A Learning Revolution

By Greg Whitby, 14 July 2017

Weekly Column from the Executive Director of Schools, Diocese of Parramatta

Those of us born before the 1990s have had the experience, and some might say benefit, of living in two worlds. The pre-digital world was the word of VHS tapes, pay phones and typewriters. In the digital world we stream movies, carry what Steve Jobs called ‘lifestyle devices’ (mobile phones) in our pockets and share much of our lives online. It seems incredible to think that children born in the 90s or after have only ever known a digital world.


Their immersion in all things digital even prompted federal government initiatives like the 2008 Digital Education Revolution (DER). The program was aimed at delivering laptops to all senior high school students and ensuring schools and teachers had access to infrastructure and resources. It was a bold but in the end futile attempt at ensuring schools kept pace with technology.


The reality is that schools will never be able to keep pace with technology, which is why we have never really needed a digital education revolution. What we need in all Australian schools is a revolution in learning and teaching because the world our young people inhabit today is very different from the past and will be very different in the future.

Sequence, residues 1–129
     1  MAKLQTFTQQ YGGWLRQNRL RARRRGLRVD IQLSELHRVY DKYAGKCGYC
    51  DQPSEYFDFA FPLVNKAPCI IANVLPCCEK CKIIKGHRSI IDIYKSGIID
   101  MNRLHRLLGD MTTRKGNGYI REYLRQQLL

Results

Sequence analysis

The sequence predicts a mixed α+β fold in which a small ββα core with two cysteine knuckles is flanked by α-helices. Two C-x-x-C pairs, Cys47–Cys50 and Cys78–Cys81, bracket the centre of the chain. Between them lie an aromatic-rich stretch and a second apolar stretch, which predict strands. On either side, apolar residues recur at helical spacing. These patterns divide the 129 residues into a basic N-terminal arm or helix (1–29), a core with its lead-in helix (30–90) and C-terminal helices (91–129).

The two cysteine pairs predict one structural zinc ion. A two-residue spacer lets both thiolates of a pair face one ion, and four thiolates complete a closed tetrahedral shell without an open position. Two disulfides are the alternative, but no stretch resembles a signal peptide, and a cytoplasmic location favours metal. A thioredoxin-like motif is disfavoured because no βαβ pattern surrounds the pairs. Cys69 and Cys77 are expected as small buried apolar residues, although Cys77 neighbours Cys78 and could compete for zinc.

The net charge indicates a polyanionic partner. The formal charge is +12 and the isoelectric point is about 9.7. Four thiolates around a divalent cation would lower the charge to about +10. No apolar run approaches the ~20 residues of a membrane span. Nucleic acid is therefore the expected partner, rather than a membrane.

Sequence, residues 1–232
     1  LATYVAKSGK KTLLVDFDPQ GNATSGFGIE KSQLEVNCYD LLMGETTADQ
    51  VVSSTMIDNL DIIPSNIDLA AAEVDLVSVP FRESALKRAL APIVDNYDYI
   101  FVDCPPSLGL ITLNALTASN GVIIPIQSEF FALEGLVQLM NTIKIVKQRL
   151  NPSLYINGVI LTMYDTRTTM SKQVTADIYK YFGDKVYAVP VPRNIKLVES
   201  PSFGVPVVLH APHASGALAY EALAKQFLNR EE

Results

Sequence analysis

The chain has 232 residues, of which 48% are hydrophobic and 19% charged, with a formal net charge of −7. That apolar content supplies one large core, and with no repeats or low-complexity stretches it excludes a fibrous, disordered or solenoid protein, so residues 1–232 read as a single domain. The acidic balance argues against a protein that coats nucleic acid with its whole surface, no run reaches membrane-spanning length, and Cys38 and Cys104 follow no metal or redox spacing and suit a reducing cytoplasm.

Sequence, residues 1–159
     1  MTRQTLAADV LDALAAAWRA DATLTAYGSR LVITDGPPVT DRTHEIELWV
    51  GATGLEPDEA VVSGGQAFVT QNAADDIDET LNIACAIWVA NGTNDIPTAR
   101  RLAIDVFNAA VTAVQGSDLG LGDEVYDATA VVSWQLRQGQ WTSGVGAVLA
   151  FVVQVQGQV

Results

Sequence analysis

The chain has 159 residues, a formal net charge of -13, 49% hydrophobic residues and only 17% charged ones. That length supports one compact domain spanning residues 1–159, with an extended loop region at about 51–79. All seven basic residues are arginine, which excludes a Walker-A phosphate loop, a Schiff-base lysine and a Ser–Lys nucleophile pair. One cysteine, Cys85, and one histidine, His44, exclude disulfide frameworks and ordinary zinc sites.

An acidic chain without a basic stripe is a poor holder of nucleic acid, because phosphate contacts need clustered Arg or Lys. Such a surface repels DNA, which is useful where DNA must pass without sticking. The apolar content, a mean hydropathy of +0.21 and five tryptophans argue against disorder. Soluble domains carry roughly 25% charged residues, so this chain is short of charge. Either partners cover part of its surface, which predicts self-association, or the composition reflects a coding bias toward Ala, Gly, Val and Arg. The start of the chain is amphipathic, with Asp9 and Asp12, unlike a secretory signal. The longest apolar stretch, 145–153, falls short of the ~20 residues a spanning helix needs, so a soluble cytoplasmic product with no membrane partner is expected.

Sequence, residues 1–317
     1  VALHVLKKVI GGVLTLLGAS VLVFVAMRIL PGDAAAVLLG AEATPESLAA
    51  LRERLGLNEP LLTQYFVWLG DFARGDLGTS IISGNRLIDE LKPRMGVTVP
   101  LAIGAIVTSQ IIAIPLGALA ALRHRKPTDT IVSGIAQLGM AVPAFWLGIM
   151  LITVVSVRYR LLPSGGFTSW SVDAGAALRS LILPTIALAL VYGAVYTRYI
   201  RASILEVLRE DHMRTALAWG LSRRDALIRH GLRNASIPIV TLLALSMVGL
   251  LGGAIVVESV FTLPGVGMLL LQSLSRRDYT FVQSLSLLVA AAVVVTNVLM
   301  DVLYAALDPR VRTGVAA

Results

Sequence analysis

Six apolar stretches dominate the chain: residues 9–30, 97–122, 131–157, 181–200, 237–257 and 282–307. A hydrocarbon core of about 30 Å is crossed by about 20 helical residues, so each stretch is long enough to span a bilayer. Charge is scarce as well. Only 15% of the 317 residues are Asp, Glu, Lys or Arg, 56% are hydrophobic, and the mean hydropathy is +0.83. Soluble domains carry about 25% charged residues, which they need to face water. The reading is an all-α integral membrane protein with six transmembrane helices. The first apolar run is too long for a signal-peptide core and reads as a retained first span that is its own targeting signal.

Our response should be so much more than adding coding classes or buying more iPads for the school. We need to focus on how we teach today’s learners to become critical consumers of information, creative thinkers, collaborative contributors and independent learners. We need a learning revolution that recognises that young people are connected to the world in ever-changing ways and that so much learning happens outside of regular school times.


We all have a part to play in the revolution. For teachers, it means being flexible, and open to new ways of doing things and to continual learning. It also means being open to the challenges and opportunities of schooling in today’s world and to innovation, with all that entails. For governments, it means giving teachers greater control over their working lives. This includes how and what is taught in schools. It also means crafting education policy that is not shaped by expediency or political opportunism but by the needs of each learner. For parents, it means trusting in the work of teachers and, importantly, being open to learning about new ways of delivering learning in today’s world.


In this brave new world, we are all (digital) learners.


Greg Whitby

Executive Director of Schools – Diocese of Parramatta

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